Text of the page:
Mission Database

The Mission Database is a dictionary containing the description of all the telemetry packets, parameters and commands. Yamcs implements concepts from the XTCE standard (XML Telemetric & Command Exchange). Although this standard specifies how to describe a mission database in XML, it also prescribes a series of building blocks for such a database: SpaceSystems, containers, parameters, commands, algorithms, etc.

In Yamcs we do not have as a primary goal the compliance with the XML representation (although Yamcs does have an XTCE XML loader) but more to the structure and the concepts of an XTCE database.
In fact the primary representation for the mission database in Yamcs is an excel spreadsheet because we noticed that many operators prefer to work with such tool. It is however possible to create database loaders for different formats and it has been done many times in order to be interoperable with other tools (integration is key aspect of Yamcs).

Note: XTCE is a standard created by many space agencies and thus it contains quite a wide range of features. The standard is also evolving with version 1.2 (not yet public) having many changes from version 1.1. Yamcs does not implement completely the standard, thus we cannot state compliance with a particular version.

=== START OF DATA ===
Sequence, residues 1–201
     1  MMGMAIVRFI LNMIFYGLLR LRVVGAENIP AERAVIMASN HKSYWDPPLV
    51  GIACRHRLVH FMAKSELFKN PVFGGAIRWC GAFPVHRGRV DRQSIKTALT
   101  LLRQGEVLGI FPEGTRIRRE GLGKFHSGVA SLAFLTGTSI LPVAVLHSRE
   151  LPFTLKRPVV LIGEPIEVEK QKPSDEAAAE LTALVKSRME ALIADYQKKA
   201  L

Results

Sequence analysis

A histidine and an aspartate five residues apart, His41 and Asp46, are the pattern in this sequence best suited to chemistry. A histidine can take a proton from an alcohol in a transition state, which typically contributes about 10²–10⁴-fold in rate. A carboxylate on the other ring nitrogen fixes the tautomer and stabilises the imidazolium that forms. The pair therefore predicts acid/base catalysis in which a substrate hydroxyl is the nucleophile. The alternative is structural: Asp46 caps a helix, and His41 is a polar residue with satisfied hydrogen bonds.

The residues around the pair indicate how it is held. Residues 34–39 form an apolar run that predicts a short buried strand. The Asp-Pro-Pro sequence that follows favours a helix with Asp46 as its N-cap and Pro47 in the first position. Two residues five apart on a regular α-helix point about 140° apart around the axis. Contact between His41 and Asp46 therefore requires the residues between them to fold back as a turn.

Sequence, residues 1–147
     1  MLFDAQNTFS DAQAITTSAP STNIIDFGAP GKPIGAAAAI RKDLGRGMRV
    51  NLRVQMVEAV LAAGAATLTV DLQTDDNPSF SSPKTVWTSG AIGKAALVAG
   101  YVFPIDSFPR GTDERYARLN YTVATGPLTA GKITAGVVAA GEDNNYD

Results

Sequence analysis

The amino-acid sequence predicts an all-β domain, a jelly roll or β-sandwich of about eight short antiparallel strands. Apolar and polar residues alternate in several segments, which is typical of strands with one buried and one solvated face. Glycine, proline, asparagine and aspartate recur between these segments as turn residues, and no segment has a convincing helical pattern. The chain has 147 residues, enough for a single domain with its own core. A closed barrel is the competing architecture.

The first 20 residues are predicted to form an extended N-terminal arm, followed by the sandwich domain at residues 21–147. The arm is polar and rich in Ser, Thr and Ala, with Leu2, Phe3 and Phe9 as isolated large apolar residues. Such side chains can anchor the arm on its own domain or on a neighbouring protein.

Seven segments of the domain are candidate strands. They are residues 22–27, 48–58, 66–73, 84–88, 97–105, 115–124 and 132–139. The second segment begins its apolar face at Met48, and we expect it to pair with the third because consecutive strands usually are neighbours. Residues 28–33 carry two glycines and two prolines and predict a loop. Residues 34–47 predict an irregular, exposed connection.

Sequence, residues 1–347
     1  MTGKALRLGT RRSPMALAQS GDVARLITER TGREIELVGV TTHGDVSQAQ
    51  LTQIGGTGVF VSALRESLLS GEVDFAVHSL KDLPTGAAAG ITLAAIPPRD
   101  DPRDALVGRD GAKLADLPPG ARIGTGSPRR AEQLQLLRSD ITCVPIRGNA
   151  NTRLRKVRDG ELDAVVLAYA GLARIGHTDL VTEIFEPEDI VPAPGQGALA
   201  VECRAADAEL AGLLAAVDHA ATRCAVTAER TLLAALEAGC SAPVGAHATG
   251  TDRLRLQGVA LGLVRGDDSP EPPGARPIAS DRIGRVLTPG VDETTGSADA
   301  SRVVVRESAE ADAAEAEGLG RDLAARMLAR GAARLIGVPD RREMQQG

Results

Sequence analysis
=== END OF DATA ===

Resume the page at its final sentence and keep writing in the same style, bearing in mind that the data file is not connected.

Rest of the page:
The Yamcs instances provide means for one Yamcs server to monitor/control different payloads or sattelites or version of the payloads or satellites at the same time. Each instance has a name and a directory where all data from that instance is stored, as well as a specific Mission Database used to process data for that instance. Therefore, each time the Mission Database changes (e.g. due to an on-board software upgrade), a new instance has to be created. One strategy to deal with long duration missions which require multiple instances, is to put the old instances in readonly mode by disabling the components that inject data.